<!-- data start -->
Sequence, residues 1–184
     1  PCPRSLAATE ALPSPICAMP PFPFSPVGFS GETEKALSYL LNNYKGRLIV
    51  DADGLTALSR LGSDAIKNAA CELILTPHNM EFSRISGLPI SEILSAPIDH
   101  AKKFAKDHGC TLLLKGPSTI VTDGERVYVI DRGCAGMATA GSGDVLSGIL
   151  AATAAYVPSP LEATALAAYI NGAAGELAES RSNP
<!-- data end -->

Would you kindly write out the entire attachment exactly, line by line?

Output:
Sequence, residues 1–184
     1  PCPRSLAATE ALPSPICAMP PFPFSPVGFS GETEKALSYL LNNYKGRLIV
    51  DADGLTALSR LGSDAIKNAA CELILTPHNM EFSRISGLPI SEILSAPIDH
   101  AKKFAKDHGC TLLLKGPSTI VTDGERVYVI DRGCAGMATA GSGDVLSGIL
   151  AATAAYVPSP LEATALAAYI NGAAGELAES RSNP